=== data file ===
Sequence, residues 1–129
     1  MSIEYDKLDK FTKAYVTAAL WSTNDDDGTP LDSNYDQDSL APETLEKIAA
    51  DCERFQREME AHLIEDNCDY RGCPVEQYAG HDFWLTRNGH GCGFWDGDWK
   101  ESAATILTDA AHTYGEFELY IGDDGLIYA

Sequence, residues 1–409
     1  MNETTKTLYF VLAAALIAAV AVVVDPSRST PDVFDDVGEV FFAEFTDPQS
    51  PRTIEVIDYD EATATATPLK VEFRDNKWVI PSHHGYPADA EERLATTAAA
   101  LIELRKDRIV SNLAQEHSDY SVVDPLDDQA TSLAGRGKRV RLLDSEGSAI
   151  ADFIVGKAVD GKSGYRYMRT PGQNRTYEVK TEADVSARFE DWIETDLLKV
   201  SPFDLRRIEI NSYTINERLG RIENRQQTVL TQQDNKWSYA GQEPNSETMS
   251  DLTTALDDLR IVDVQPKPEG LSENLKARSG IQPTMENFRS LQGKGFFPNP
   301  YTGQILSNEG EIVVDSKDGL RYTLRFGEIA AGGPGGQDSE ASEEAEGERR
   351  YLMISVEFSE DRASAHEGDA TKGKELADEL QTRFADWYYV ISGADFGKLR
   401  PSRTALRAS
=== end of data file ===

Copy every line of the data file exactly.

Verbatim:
Sequence, residues 1–129
     1  MSIEYDKLDK FTKAYVTAAL WSTNDDDGTP LDSNYDQDSL APETLEKIAA
    51  DCERFQREME AHLIEDNCDY RGCPVEQYAG HDFWLTRNGH GCGFWDGDWK
   101  ESAATILTDA AHTYGEFELY IGDDGLIYA

Sequence, residues 1–409
     1  MNETTKTLYF VLAAALIAAV AVVVDPSRST PDVFDDVGEV FFAEFTDPQS
    51  PRTIEVIDYD EATATATPLK VEFRDNKWVI PSHHGYPADA EERLATTAAA
   101  LIELRKDRIV SNLAQEHSDY SVVDPLDDQA TSLAGRGKRV RLLDSEGSAI
   151  ADFIVGKAVD GKSGYRYMRT PGQNRTYEVK TEADVSARFE DWIETDLLKV
   201  SPFDLRRIEI NSYTINERLG RIENRQQTVL TQQDNKWSYA GQEPNSETMS
   251  DLTTALDDLR IVDVQPKPEG LSENLKARSG IQPTMENFRS LQGKGFFPNP
   301  YTGQILSNEG EIVVDSKDGL RYTLRFGEIA AGGPGGQDSE ASEEAEGERR
   351  YLMISVEFSE DRASAHEGDA TKGKELADEL QTRFADWYYV ISGADFGKLR
   401  PSRTALRAS